SAN DIEGO – William Fentress was just a teenager when he sailed to Midway as a Marine cook.
At a private screening Thursday for the movie based on the beat he saw with his own eyes – we come to how bad the movie was in a second – the 94-year-old silently told of his experience aboard the USS Yorktown (CV-5) and the months which led to the important commitment.
"We came to Hawaii after the Battle of the Coral Sea and would have at least 30 days to patch up the ship," Fentress told the Military Times.
But the Navy could not spare 30 days and ordered the aircraft to be ready to go to Midway after only 72 hours of repairs.
"We were all crazy," laughed Fentress. "We thought we would stay in Hawaii."
When seemingly endless waves of low-flying Japanese fighter planes approached Yorktown on June 4, 1942, all Tennessee natives could do to hold on and watch. Fentress and the others are supported for impact before torpedoes down the already injured carrier, shaking it like a rag doll and sending men scurrying into the sea.
"I couldn't swim a lick," he said. “You know, Tennessee got nothing but creeks anyway. … When I hit the water, I don't know what I was thinking to tell the truth. I was just trying to go up and down. But when I hit that water, I suddenly learned to swim.
The crushed Yorktown listed on one side" as a car turned ", Fentress remembered seeing from the water, and would eventually give in to her injury. on June 7, turning to its harbor before rolling up and down and sinking.
And while Fentress, with the help of Yorktown's commander, Captain Elliott Buckmaster, would board an adjacent destroyer and live to fight another day , the veterinarian who has already endured so much wasn't spared Thursday from having to witness the battle's resale in one of the worst war movies since Michael "The Explosion" Bay's "Pearl Harbor."
Spoilers, in this case, are playing just don't matter. If you take away your hard-earned money to see this movie, you destroy your own life and destroy the joy of those in your company.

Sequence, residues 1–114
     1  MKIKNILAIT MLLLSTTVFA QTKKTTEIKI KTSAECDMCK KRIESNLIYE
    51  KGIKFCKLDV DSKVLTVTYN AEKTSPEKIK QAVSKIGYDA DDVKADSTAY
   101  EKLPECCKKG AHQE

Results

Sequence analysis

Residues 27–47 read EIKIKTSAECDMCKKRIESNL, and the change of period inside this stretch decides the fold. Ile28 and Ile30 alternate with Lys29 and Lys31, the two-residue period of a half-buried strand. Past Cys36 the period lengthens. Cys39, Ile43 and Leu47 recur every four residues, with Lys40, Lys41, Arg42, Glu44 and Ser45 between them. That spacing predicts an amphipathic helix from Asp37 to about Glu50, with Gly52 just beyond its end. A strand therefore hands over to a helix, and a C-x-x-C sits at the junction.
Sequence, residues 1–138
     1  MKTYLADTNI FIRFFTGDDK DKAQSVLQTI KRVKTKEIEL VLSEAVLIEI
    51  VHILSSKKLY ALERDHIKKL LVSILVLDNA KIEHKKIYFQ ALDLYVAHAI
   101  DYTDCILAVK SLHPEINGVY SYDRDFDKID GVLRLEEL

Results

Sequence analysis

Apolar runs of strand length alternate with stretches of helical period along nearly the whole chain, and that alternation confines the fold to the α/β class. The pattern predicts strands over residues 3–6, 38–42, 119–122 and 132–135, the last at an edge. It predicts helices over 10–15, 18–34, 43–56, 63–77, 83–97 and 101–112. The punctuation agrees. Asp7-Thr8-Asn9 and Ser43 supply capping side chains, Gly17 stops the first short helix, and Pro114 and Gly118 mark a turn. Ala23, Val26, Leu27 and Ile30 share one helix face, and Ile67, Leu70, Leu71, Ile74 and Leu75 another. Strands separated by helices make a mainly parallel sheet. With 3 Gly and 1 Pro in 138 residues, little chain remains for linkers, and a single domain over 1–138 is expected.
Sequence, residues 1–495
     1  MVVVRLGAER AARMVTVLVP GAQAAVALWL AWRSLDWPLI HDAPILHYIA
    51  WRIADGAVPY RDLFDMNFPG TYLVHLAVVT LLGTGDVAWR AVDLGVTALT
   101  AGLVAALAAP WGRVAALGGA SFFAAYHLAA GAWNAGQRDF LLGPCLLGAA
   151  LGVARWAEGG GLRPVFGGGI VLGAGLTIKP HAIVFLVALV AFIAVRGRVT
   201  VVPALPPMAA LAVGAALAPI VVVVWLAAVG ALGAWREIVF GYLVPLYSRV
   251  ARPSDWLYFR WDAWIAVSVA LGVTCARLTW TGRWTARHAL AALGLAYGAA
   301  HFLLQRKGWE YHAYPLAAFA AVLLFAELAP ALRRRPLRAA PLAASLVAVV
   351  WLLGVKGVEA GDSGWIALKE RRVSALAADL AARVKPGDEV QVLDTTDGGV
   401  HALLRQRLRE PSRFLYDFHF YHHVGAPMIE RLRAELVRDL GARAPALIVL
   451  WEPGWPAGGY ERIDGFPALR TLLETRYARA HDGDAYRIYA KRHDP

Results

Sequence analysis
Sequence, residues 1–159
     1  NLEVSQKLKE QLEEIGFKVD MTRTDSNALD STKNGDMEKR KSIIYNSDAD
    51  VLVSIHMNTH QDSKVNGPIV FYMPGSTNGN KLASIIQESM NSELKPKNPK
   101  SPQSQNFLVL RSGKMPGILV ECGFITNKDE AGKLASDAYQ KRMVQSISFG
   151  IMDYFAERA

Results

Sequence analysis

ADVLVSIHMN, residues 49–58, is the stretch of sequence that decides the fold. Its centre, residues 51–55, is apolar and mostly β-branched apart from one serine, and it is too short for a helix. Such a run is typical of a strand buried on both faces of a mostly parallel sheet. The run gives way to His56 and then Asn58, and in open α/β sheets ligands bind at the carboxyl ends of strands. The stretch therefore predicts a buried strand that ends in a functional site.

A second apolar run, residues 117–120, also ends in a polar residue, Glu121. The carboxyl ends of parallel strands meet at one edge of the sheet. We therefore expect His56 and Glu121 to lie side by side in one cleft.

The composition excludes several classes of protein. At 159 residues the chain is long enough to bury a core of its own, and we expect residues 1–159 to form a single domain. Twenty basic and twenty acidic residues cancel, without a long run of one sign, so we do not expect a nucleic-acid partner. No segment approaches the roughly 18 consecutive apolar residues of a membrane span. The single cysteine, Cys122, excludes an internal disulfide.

Use the two hours, 18 minutes, to make something more fun, like repeatedly smashing your face into a wall.
To begin with, there were none.
It is an experience best compared to a sudden average life development of attention deficit / hyperactivity disorder.
First we are in a duck from the 1930s -hunting flashback, then we are at the attack of Pearl Harbor, then a bar toasting the fallen, then on board the USS Enterprise (CV-6), then in Washington, then Japan again, then in a jazz club, then a war game aboard a Japanese carrier, then Doolittle Raid, then the Marshall Islands, and beyond.
Most Americans would argue that Midway really doesn't need a complete chronological structure and could live as a movie on its own, but director Roland Emmerich ("Independent Day", "Day After Tomorrow" – yes, they) felt oth erwise . Instead, viewers are given a crash course on a series of monumental events in US history that are limited to 10 or 15 minutes of screen segments.
Listening, painfully, to the film in the dialogue, I couldn't help but imagine a film production setting where the crew meets a chimpanzee who has just begun to learn American sign language.
In this imaginative – or perhaps real – life scene – the crew asks the chimpanzee's input on the heroic Doolittle Raid, which the chimpanzee signs back, "Now feed. I'm throwing a bow. ”
The excited crew high-fives, so proud of himself and adds the chimpanzee's contribution to the script.
As such, writing in "Midway" is surprisingly bad. Each character speaks only to a dialect of recruiting parole, and for some reason, sailors in the reach of Emmerich's marines indicate a whole force that grew up as either rough and tough New Yorkers or yokels from the Bible Belt.
Here are some actual dialogue lines from the movie:
- "Let me put a 500-pound bomb right down in their goddamned pile of smoke." This would have been difficult, given that the traditional, high-rise funnel sticks on ships were mostly a tale of the past. The Japanese aircraft carrier Kaga's smoke stack, for example, was on the ship's side.